A court can suspend a custodial sentence of between 14 days and two years for a period of up to two years. According to the Sentencing Council’s Imposition of Community and Custodial Sentences guideline, there are three factors indicating when it may be appropriate to suspend a custodial sentence: where there is a realistic prospect of rehabilitation; strong personal mitigation; and where immediate custody will result in a significant harmful impact upon others.
The guideline also identifies three factors indicating when it would not be appropriate to suspend a custodial sentence: where the offender presents a risk/danger to the public; where appropriate punishment can only be achieved by immediate custody; and where the offender has a history of poor compliance with court orders.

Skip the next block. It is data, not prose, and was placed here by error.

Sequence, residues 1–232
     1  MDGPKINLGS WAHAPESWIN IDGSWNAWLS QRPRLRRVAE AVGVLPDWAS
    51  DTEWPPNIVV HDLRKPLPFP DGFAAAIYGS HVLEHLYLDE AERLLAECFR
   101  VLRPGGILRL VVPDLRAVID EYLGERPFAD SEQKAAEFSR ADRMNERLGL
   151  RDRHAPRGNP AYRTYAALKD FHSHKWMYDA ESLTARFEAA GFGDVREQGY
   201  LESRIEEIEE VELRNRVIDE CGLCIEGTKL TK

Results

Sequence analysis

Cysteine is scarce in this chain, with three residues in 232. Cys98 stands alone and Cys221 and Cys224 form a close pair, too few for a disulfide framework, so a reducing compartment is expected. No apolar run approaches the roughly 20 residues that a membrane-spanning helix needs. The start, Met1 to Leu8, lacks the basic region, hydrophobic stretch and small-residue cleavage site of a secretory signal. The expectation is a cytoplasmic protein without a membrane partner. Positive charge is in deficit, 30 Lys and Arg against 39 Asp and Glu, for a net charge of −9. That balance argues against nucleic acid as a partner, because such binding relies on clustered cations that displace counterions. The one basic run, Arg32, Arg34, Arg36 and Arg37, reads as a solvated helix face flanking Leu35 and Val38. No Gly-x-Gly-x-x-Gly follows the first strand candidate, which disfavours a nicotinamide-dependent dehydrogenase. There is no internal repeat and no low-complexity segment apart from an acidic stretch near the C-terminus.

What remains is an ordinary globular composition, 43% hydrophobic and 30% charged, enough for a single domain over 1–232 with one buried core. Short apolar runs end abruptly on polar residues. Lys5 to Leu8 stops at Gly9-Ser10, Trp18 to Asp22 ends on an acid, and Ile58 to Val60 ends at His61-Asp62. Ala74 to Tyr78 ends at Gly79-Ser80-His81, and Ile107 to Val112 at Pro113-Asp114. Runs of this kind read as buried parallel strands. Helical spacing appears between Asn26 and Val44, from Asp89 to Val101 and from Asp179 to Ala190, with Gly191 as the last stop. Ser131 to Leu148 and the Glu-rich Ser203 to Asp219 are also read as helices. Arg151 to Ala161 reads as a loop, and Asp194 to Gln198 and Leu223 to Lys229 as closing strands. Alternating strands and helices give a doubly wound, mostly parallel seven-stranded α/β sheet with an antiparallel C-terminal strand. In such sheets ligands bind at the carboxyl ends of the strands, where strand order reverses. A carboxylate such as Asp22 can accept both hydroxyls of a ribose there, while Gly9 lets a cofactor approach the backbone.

When a court imposes a suspended sentence, they may add one or more from a range of conditions such as being subject to a rehabilitation activity requirement, being required to undertake between 40 and 300 hours of unpaid work, or being subject to a curfew.
The term of imprisonment might be activated if the offender breaches the terms of the Suspended Sentence Order by failing to comply with any requirements attached to the Order or if the offender is convicted of a further offence during the duration of the suspended sentence. In 2018, 42,699 Suspended Sentence Orders were imposed, down from a recent high of 57,072 in 2015.